In terms of the summary financial position for 2021, the general Government planning assumptions for budget 2021 was level 3 across the country in terms of Covid-19 restrictions or better, for the full year, and no vaccination programme. The detailed targets within NSP 2021 were largely set in that context. The revenue financial position at the end of June 2021 shows a year-to-date deficit of just over €190 million or 1.9%, with a significant element of this being driven by the direct impacts of the third surge.
In summary terms, Covid-19 and the cost of responding to it has been significantly higher than planned for and this has, to a large extent, caused and been offset by regrettable delays in our capacity to progress with developments to permanently strengthen the health service. These developments will continue to be progressed to the end of 2021 and into 2022.
The cyberattack on the 14 May had a profound effect on the delivery of services across the HSE, and coupled with Covid-19, has put further pressure on our efforts to deliver new service developments. Based on the first six months data and a preliminary view of draft July data, the HSE remains on course to achieve a substantial break-even by the end 2021 on our overall revenue budget.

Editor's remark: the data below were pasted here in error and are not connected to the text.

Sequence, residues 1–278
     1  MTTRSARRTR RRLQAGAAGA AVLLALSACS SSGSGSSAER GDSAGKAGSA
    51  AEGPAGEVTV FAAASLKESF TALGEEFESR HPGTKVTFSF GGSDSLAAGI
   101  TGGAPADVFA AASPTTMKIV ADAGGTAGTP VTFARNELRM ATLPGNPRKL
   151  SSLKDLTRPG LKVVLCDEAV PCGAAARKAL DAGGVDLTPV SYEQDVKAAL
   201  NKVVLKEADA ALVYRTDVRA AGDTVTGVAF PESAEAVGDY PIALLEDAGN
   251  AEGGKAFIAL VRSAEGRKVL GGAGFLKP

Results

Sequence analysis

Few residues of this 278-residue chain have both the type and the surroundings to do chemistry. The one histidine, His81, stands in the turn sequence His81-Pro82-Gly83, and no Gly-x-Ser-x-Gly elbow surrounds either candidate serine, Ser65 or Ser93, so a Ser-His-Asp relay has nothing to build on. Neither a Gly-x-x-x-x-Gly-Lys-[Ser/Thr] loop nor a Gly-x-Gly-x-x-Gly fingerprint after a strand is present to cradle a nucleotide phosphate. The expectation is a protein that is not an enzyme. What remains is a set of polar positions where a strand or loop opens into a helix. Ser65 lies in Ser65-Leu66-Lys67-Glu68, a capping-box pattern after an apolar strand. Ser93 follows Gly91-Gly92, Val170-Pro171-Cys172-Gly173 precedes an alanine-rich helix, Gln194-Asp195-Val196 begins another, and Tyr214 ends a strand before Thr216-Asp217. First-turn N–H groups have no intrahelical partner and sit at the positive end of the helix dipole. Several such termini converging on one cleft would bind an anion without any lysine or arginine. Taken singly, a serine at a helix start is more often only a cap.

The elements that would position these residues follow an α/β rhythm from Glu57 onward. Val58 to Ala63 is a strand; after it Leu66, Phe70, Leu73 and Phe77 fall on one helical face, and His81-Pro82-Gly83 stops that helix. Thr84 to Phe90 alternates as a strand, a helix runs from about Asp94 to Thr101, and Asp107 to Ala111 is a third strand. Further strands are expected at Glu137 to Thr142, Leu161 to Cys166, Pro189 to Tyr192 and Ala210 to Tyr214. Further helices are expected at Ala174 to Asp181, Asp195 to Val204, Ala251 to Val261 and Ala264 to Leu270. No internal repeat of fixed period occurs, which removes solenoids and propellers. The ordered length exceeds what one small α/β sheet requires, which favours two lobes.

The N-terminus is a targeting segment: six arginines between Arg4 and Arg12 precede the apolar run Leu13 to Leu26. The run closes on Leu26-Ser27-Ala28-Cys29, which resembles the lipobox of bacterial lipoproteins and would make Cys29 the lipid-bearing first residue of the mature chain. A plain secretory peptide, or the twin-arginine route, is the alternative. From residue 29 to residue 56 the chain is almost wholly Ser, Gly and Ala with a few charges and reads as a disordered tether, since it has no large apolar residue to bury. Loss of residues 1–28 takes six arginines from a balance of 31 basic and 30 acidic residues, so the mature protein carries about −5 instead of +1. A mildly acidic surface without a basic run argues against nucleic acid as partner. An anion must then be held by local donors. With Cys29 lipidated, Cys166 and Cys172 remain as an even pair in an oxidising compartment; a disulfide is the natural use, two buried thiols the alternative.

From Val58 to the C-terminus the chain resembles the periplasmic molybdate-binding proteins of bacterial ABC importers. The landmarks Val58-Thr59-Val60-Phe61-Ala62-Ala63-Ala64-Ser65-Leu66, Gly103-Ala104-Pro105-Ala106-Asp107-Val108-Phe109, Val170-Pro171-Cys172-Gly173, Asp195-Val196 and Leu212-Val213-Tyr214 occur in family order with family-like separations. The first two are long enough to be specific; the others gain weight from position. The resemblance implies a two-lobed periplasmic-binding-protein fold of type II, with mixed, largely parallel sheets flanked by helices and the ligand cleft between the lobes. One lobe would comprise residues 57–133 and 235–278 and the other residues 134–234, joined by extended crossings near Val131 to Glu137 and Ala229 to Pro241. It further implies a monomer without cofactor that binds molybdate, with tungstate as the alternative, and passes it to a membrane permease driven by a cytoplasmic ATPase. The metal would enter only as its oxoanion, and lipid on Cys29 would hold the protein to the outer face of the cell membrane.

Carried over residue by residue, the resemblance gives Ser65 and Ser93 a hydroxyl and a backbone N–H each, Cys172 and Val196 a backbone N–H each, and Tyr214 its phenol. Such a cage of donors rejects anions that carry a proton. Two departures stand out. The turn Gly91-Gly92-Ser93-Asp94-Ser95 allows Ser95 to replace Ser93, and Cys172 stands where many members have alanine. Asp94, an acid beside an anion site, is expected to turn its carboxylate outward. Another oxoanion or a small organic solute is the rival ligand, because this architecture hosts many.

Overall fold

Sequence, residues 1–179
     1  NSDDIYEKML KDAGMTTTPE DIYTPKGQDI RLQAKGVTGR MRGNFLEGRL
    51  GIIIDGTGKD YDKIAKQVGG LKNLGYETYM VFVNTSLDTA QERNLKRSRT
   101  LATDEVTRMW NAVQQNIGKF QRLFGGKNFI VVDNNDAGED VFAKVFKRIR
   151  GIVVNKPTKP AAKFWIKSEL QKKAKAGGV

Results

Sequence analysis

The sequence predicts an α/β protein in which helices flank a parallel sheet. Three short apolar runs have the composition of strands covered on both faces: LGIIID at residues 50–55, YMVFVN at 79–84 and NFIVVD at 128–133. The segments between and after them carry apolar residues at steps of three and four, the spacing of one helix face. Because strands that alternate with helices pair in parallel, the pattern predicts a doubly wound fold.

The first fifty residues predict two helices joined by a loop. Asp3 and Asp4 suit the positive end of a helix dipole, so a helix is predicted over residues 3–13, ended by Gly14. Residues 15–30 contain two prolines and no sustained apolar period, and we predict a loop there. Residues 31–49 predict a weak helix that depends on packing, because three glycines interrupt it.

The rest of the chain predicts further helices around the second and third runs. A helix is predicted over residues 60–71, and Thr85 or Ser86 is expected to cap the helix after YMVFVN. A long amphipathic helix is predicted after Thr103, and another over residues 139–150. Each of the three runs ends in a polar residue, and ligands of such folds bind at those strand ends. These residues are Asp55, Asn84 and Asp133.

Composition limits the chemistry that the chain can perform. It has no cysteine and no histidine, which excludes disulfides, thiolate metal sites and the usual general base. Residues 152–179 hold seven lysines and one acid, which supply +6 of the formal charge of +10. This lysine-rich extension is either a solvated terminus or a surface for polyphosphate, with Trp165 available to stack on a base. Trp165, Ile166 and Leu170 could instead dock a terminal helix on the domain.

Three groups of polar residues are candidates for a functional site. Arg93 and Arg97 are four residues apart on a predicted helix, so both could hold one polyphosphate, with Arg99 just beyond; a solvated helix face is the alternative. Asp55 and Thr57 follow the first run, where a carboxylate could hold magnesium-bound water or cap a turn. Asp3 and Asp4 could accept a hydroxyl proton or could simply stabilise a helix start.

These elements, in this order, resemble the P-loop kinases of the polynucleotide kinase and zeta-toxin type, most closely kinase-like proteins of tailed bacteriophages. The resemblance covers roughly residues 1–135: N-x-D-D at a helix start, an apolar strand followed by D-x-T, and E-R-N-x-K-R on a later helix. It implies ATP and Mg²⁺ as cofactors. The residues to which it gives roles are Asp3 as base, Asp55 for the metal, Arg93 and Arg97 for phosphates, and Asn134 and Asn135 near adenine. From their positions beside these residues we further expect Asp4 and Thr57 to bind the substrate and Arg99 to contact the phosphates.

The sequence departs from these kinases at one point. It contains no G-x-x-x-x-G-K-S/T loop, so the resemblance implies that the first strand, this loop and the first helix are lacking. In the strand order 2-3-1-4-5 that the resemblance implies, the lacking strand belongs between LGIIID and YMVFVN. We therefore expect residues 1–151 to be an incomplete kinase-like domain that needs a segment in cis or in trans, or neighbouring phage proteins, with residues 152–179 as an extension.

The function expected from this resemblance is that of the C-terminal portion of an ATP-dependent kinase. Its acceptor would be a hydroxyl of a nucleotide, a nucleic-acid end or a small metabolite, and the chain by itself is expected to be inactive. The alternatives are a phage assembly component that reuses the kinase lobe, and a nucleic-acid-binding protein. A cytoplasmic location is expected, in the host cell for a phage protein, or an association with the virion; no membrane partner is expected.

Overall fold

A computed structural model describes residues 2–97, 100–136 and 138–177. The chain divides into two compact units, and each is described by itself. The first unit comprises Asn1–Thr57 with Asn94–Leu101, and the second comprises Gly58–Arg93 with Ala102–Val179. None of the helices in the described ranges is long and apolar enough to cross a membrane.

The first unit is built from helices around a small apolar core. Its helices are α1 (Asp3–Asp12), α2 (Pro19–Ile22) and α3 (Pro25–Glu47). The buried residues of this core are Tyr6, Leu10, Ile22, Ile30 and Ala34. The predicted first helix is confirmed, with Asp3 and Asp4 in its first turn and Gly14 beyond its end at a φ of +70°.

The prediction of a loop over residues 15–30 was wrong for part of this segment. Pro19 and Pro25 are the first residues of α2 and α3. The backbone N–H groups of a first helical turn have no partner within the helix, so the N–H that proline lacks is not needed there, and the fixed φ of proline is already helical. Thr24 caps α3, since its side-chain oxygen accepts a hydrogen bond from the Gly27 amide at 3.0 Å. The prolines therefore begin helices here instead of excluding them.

Subject to relevant assumptions, this would be the third year in a row that the HSE has operated within or marginally below its budget, having delivered small surpluses in both 2019 and 2020.
Service planning for 2022 will be significantly more complex than in previous years. Services have been reconfigured in response to the Covid-19 crisis and it is as yet unclear in some areas what the effect of Covid-19 will be on the overall capacity levels of HSE services in 2022. It is likely that many of the initiatives put in place in response to Covid will need to be continued for a variety of reasons in 2022.
I assure the members of this committee of the HSE’s commitment to implementing all aspects of Sláintecare. The board and the executive are united in our determination to realise Sláintecare's vision of a single-tier health service and social healthcare system where everyone has equitable access to services based on need and not ability to pay.